Drives with only one or two tests displayed in write the write test mean that they have failed the test and their Maximum and possibly their Average Scores were very high after the cached fills. This usually happens only with controllers manufactured by JMicron.
The new SandForce firmware has added a little bit of latency to the drives, but as you can see we are still measuring in microseconds (1 thousandths of a second). This is what gives SSDs their snappy feeling when used for an operating system.
The write latancy grew by a small amount as well with the last SandForce firmware update, but as you can see, the growth was very low. SandForce SSDs still have some of the lowest read and write latency on the market.
Benchmarks - Crystal Disk Mark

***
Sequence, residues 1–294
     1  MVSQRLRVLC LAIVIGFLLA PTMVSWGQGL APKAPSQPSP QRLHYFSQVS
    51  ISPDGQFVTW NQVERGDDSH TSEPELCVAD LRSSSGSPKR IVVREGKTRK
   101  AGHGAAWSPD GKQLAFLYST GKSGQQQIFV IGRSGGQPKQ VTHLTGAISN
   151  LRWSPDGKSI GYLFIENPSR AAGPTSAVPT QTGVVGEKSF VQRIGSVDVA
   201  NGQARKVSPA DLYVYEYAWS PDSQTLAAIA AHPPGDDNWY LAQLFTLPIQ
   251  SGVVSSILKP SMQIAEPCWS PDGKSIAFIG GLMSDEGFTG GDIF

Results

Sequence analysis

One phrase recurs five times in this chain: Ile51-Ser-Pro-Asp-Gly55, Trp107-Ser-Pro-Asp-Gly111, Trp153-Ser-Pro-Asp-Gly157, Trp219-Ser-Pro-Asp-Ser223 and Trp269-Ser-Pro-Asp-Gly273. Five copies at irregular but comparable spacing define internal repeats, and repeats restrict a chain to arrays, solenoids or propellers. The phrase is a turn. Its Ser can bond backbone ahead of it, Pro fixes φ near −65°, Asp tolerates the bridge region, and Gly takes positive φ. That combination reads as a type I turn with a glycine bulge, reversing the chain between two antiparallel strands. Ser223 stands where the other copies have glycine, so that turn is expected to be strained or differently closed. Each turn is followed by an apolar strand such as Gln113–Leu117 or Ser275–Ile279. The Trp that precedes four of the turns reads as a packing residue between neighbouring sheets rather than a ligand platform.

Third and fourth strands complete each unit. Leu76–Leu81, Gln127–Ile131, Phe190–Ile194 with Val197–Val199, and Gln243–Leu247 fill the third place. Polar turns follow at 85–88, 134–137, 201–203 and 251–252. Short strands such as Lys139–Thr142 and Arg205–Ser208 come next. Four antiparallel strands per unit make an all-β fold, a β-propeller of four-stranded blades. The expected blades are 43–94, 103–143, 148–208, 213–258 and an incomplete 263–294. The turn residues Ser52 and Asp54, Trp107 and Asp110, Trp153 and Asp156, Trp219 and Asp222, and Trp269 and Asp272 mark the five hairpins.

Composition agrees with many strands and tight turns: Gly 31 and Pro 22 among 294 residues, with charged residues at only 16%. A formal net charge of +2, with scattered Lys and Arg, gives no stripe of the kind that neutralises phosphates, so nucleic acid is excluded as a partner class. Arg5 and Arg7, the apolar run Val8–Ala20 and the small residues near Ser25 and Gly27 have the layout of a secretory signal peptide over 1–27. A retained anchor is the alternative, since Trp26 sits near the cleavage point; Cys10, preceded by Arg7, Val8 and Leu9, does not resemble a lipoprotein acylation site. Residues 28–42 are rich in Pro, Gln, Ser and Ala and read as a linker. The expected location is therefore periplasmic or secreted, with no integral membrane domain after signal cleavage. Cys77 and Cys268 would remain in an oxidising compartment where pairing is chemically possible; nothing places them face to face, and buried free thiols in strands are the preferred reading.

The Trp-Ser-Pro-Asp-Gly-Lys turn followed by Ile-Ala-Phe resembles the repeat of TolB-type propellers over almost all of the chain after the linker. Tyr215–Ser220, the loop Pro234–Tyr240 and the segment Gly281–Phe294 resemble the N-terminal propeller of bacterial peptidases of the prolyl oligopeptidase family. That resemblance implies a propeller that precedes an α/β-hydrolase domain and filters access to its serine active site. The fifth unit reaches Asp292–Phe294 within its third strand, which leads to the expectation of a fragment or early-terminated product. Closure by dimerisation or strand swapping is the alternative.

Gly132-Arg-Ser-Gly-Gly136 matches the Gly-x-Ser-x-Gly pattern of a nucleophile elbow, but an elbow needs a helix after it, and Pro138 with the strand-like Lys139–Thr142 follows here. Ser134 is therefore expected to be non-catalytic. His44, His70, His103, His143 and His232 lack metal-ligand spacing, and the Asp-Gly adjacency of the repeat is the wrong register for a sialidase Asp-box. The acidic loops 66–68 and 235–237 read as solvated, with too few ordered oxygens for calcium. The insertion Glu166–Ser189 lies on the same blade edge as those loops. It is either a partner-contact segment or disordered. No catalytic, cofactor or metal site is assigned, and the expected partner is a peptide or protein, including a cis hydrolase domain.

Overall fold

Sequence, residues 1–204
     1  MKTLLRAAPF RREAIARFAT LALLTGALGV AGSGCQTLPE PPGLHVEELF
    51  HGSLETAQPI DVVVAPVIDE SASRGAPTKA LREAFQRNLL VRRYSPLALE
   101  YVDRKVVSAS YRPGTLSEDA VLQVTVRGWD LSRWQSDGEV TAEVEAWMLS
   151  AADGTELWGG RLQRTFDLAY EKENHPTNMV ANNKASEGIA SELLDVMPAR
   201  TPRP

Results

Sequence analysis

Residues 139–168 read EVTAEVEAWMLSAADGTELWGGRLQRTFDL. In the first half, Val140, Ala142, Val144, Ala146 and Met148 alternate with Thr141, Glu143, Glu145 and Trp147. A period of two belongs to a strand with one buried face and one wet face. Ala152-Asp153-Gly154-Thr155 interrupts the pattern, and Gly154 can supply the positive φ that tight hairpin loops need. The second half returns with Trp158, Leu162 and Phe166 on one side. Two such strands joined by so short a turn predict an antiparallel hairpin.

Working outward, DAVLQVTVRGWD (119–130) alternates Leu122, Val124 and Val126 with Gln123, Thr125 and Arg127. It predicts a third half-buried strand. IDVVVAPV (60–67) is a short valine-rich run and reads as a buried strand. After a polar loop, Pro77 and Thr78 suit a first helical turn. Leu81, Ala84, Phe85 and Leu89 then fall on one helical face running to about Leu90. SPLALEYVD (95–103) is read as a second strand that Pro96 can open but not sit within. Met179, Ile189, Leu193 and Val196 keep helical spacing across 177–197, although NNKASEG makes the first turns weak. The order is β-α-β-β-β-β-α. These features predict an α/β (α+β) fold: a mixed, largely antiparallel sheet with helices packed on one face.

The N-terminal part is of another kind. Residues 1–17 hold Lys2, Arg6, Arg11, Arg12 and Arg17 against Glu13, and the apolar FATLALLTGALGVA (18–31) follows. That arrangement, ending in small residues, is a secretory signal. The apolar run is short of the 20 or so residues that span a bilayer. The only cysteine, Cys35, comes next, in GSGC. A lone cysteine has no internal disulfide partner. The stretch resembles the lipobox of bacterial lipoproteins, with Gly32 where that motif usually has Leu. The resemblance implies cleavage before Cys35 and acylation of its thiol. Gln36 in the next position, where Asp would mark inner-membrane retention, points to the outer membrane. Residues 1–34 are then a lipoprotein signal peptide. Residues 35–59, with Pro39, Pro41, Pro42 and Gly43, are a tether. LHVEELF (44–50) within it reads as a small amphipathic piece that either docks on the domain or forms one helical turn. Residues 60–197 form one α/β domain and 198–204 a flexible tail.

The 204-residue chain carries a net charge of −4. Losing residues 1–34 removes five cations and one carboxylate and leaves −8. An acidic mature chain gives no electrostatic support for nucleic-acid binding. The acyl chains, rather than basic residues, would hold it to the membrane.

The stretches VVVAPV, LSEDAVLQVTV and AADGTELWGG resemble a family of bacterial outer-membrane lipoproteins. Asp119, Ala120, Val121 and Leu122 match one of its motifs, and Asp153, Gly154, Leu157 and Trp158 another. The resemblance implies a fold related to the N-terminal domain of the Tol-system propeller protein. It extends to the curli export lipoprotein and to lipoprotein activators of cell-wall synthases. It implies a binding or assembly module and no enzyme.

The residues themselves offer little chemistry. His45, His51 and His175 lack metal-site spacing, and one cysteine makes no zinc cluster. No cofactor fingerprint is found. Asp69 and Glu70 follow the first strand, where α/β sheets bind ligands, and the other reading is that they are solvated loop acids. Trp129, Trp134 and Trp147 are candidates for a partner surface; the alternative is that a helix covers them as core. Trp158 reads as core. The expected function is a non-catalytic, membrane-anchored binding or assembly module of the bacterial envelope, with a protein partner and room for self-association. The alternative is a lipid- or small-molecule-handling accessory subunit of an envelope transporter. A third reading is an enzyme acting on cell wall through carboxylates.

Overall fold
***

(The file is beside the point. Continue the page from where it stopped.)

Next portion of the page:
Version and / or Patch Used:3.0 Technical Preview
CrystalDiskMark is a disk benchmark software.
* Sequential reads/writes
* Random 4KB/512KB reads/writes
* Text copy
* Change dialog design
* internationalization (i18n)
Note: Crystal Disk Mark 3.0 is not available to the public yet, but the Technical Preview does allow us to test 4K performance at queue depths of 4 and 32 in addition to 1. The current release Crystal Disk Mark only shows us QD 1.
In CDM we get to look at the 4K and queue depth performance. These tests gave us the largest differences in performance when comparing the 90GB to the 120GB drives. The Corsair Force 90GB is still very fast when it comes to 4K performance, but here we see that the 120GB drives are quite a bit faster and that difference amplifies at queue depth.
The 4K write speeds are nearly the same as the larger drives and there wasn't much of a performance difference.